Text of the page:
© 2018 Elsevier Ltd and European Society for Clinical Nutrition and Metabolism Background: Nutritional disorders are frequent in patients with chronic pulmonary obstructive disease (COPD) and have negative health impacts. This study aimed to explore the value of the European Society of Clinical Nutrition and Metabolism (ESPEN) definition of malnutrition (and/or its individual components) to predict hospitalizations and mortality at 2 years, and to determine the prevalence of malnutrition in COPD patients referred to pulmonary rehabilitation. Methods: The study was a prospective analysis of 118 patients with COPD free of exacerbations and/or hospital admissions in the previous two months. Main outcome variables were mortality, hospital admissions, and length of stay at 2-year follow-up; main covariates were malnutrition assessment according to the ESPEN definition and its components: unintentional weight loss, body mass index, and fat-free mass index (FFMI). Body composition was assessed by bioimpedance analysis. Kaplan-Meier survival curves and linear regression analyses were performed, adjusting for age and airflow obstruction as potential confounders. Results: The observed prevalence of malnutrition was 24.6%. Malnutrition was associated with increased mortality risk (HR = 3.9 [95% CI: 1.4–10.62]). FFMI was independently associated with increased mortality (HR = 17.0 [95% CI: 2.24–129.8]), which persisted after adjustment for age and lung function (adjusted HR = 13.0 [95% CI: 1.67–101.7]). Low age-related body mass index was associated with increased risk of hospital admissions. Conclusions: Malnutrition according to ESPEN criteria, highly prevalent in patients with stable COPD referred to pulmonary rehabilitation, was associated with 4 times greater mortality risk after 2 years. Low FFMI was associated with a 17-fold increase in mortality risk, suggesting independent predictive value.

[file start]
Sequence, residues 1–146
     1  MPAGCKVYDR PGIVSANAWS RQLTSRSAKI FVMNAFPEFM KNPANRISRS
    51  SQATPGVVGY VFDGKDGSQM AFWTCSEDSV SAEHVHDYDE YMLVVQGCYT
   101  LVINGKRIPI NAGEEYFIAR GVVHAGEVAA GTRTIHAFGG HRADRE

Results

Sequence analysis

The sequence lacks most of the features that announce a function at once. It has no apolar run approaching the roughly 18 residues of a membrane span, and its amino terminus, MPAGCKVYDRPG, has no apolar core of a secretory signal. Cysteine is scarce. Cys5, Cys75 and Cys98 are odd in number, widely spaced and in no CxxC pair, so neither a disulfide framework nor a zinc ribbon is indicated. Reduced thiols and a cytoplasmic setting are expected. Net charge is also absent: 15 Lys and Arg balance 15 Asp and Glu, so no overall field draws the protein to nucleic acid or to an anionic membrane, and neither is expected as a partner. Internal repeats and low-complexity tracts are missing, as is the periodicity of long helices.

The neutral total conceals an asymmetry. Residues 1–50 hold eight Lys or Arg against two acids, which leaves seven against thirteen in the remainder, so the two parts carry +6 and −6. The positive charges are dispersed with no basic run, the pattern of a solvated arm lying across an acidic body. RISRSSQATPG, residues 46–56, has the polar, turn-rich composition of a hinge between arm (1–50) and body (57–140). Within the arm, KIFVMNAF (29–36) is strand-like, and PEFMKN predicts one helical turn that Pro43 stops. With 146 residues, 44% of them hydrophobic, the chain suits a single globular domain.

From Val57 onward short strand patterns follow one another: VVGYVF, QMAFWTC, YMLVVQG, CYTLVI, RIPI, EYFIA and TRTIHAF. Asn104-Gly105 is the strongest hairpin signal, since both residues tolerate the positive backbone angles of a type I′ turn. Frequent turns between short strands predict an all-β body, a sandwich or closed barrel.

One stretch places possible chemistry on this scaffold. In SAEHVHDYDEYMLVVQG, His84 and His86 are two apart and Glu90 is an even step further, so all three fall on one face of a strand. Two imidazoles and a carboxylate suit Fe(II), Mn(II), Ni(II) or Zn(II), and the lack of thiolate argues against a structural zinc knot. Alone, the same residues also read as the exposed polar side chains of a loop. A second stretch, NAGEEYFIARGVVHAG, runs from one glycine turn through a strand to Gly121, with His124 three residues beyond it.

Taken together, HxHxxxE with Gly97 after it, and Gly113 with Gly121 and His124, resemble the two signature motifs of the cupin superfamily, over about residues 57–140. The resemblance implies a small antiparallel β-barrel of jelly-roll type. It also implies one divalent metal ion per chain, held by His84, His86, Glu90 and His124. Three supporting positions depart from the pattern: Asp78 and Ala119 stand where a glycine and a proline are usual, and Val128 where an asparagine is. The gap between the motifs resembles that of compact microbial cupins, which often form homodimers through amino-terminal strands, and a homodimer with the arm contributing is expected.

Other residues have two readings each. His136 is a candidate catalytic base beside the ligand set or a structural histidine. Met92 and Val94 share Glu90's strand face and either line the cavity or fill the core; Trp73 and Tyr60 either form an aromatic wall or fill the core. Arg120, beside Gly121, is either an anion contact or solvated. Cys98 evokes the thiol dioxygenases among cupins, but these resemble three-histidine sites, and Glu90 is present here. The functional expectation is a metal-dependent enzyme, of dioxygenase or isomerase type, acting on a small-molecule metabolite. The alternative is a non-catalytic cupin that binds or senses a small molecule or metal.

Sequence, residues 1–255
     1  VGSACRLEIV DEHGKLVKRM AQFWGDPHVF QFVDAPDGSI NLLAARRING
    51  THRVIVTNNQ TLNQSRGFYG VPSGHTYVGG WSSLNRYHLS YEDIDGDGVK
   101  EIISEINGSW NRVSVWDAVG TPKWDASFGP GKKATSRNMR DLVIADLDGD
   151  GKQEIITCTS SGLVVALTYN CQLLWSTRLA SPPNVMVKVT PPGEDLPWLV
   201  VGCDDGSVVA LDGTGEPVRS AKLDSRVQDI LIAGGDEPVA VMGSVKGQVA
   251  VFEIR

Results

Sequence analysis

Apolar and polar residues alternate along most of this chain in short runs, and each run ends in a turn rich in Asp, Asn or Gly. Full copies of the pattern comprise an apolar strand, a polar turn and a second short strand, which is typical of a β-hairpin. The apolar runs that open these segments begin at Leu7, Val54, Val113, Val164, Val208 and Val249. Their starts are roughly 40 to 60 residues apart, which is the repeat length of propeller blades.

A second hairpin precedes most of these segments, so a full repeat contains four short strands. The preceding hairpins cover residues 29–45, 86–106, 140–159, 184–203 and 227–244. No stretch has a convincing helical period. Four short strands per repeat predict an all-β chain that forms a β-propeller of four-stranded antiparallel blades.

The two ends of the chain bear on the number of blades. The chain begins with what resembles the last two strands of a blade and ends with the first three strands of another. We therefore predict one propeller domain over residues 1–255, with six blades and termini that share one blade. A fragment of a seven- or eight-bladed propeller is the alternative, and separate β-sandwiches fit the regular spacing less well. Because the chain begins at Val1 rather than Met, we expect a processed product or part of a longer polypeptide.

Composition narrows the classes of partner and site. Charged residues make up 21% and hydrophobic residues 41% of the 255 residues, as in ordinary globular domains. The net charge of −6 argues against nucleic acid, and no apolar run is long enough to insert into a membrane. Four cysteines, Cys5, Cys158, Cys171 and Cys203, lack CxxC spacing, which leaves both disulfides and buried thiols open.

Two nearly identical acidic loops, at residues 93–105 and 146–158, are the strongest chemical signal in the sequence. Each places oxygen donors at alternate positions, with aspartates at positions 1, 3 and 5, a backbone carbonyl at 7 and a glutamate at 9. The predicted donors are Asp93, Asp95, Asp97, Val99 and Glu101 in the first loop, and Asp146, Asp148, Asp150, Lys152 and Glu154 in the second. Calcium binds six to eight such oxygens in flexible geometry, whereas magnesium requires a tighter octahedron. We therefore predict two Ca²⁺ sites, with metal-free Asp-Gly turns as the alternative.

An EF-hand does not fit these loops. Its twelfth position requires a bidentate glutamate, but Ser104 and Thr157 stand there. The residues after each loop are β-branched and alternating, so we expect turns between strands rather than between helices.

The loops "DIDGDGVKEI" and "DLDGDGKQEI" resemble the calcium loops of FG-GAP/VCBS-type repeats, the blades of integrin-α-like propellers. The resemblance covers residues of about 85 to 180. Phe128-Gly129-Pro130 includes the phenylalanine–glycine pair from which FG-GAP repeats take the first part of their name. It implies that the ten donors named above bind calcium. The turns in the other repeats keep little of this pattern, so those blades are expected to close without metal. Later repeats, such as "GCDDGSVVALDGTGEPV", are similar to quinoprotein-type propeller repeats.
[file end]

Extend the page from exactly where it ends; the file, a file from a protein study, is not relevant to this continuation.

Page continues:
- Chronic pulmonary obstructive disease